By Jack Spencer
President Joe Biden says he wants a carbon-free future for the United States and acknowledges that to realize that future, nuclear energy is essential. Judging by the hundreds of billions, if not trillions, of taxpayer dollars that Biden is throwing at his version of “green energy,” combined with a willingness to strangle consumer choice, his commitment to his cause would seem rock solid—even though his policies make neither environmental nor economic sense.
Now, Biden has issued a proclamation establishing the Baaj Nwaavjo I’tah Kukveni – Ancestral Footprints of the Grand Canyon National Monument, which effectively bans any new mining claims, including for uranium, on the nearly 1 million acres covered by the monument.
Some may think that such a policy is reasonable. No one wants to see an industrial mining operation in the Grand Canyon. Furthermore, respect for ancestral lands is laudable.
But that’s not the real story.
The Biden administration presents the decision as a choice between protecting the Grand Canyon and ancestral lands or allowing mining to occur, which, by implication, would destroy both.
This framing is simply not accurate.
The modern mining industry is perfectly capable of undertaking commercial operations while also protecting public health, safety, and the surrounding environment. Indeed, strict state and federal regulatory oversight ensures that mining operations are safely carried out and that disturbed landscapes are appropriately restored.
Further, the designated area lies to the north and south of the 1.2 million-square acre Grand Canyon National Park, so there is no threat that a tour of the Grand Canyon would one day be highlighted by a uranium mine pit stop.
While Biden likes to talk about green energy and energy independence, his policies toward reliable clean energy alternatives like nuclear and natural gas make it almost impossible for the American mining industry to develop the resources necessary to manufacture and fuel the president’s vision.
And in this case, it matters a lot.
The United States gets around 20% of its electricity from 93 commercial nuclear power reactors, and these reactors are powered by uranium fuel, of which the United States imports 95%. Though friendly countries like Canada, Australia, and Namibia provide about 36% of imports, the United States also depends on Russia for 14% of its uranium.
Interestingly, this was not always the case. Though there were ups and downs in production, the United States produced much of its own uranium until 1980, when the declines never recovered.
No one cared much about this dependence on Russian uranium until the spring of 2022, when it became abundantly clear that America’s reliance on Russian uranium was a real problem. Not only was America energy dependent on Russia for uranium and related nuclear fuel services, but roughly a billion dollars were flowing to Russian state-owned enterprises annually as a result.
This situation alone should have made removing from potential domestic production any uranium resources that could have been used to offset our Russian dependence a nonstarter. But it is worse than that, and here is why.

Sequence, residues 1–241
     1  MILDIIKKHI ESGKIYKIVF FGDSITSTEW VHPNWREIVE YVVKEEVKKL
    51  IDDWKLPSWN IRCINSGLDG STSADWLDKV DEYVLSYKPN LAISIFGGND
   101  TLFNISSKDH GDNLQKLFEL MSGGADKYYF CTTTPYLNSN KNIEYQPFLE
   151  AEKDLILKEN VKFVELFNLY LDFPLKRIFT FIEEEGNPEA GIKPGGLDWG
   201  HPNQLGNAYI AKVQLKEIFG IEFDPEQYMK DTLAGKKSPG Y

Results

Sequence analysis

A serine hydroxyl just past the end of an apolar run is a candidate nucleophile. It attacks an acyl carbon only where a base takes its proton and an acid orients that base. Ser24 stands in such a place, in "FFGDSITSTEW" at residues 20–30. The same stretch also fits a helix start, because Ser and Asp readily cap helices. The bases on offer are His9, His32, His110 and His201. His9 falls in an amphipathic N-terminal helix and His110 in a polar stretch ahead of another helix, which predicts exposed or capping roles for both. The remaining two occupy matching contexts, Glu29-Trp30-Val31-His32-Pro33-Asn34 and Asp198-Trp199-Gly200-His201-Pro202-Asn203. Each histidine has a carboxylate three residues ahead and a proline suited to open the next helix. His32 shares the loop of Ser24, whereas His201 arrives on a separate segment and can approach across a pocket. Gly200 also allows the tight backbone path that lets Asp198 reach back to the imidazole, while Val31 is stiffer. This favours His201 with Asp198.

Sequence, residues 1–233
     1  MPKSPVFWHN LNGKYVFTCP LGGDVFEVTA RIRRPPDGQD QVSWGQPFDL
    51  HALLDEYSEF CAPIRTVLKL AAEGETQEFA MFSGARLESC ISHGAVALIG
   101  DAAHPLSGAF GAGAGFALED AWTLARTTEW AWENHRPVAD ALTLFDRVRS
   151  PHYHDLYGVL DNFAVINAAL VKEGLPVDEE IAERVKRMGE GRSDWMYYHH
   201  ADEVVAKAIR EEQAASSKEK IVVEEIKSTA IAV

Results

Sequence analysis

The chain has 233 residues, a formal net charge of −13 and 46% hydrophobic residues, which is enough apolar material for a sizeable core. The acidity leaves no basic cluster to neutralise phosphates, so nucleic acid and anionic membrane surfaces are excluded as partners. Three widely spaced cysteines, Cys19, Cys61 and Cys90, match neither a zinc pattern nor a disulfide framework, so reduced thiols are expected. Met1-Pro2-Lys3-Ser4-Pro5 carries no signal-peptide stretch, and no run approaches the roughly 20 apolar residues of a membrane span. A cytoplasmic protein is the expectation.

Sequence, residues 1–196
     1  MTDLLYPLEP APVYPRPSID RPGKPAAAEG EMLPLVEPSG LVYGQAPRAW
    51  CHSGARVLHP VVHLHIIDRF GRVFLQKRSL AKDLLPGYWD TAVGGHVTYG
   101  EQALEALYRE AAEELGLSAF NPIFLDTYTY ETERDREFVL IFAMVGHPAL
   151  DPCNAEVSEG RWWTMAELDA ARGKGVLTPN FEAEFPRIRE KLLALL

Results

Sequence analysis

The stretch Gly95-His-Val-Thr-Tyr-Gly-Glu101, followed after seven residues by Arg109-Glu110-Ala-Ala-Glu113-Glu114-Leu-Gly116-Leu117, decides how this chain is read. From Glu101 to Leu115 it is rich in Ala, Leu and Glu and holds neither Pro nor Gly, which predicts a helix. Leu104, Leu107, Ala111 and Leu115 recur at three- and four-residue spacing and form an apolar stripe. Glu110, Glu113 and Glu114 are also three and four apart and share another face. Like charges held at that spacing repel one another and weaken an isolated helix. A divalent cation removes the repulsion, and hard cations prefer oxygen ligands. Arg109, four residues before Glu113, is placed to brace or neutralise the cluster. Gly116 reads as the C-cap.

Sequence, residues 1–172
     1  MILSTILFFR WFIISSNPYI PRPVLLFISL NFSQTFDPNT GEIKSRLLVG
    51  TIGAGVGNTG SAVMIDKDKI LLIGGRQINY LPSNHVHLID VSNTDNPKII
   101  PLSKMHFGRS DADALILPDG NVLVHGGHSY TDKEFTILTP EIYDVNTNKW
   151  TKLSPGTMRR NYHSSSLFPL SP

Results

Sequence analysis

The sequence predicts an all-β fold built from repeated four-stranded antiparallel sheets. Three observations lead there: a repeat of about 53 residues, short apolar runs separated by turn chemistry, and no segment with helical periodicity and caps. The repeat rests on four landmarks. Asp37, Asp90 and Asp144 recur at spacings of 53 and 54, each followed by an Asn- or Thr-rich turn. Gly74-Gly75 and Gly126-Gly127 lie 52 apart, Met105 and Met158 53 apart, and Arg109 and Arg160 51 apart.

Uranium is produced in some of the least politically stable countries in the world, including Niger, which produces about 5% of the world’s uranium and is in the midst of a military coup. While America is not dependent on Nigerien uranium per se, the situation in Niger could have an effect on America.
That is because uranium is a global commodity and supply disruptions will raise global prices, affecting everyone who uses uranium. Though a near-term challenge, disruptions from Russia, Niger, or anywhere else should not be an issue for a uranium-rich country like the United States.
But it is.
The problem is that opening new mines in the United States is extremely difficult and policies like Biden’s decision to take domestic supplies out of service prevent domestic uranium markets from responding to foreign supply disruptions.
Not only do domestic uranium miners miss out on the opportunity to provide secure supplies of uranium to American reactors, but American reactor operators have no choice but to continue their dependence on foreign suppliers.
This problem is about to get far worse as the world could be at the beginning of a massive expansion of nuclear energy. This means greater demand for uranium in the future, tighter uranium markets, higher prices, and greater dependence on foreign suppliers for America’s energy.
The president’s supporters say his monument designation protects the Grand Canyon from uranium mining, but no one wants to mine in the Grand Canyon. To suggest as much is disingenuous.
With his announcement, Biden is protecting foreign uranium suppliers from American competition and preventing American reactors from accessing domestic fuel supplies. This is a loss on both the environmental and economic fronts for America and a win for foreign competitors and our adversaries.
Jack Spencer is a senior research fellow for energy and environmental policy at The Heritage Foundation.
Originally published by The Daily Signal. Republished with permission.
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